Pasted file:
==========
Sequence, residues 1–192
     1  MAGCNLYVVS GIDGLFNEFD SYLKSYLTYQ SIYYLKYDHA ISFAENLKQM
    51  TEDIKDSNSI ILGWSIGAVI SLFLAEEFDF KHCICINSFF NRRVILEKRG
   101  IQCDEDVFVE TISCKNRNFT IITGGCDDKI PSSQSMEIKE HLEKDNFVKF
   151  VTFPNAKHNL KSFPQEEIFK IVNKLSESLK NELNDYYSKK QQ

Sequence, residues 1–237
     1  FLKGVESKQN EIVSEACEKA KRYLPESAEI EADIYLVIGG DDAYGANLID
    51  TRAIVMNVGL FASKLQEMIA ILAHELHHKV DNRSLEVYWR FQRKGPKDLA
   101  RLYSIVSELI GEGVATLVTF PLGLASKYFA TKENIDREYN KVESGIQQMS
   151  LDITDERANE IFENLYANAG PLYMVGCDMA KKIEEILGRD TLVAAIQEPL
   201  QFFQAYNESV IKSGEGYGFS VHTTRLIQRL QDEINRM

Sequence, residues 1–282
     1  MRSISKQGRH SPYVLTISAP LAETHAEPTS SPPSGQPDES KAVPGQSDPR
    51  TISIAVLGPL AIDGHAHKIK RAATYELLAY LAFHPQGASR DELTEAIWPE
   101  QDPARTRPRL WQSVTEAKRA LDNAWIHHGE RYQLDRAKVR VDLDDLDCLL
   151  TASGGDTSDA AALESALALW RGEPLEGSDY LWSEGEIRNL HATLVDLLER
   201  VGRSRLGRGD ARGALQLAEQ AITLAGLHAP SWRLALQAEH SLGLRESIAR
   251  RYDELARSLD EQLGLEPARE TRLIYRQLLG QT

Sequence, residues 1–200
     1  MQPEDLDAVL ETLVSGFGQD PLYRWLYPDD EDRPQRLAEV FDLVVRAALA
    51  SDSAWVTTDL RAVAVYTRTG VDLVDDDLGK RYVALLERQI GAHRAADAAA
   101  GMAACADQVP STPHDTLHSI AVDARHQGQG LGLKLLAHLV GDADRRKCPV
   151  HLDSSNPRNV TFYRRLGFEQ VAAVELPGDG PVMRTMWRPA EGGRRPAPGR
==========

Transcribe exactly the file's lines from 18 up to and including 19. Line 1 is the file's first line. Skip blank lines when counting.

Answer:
   251  RYDELARSLD EQLGLEPARE TRLIYRQLLG QT

Sequence, residues 1–200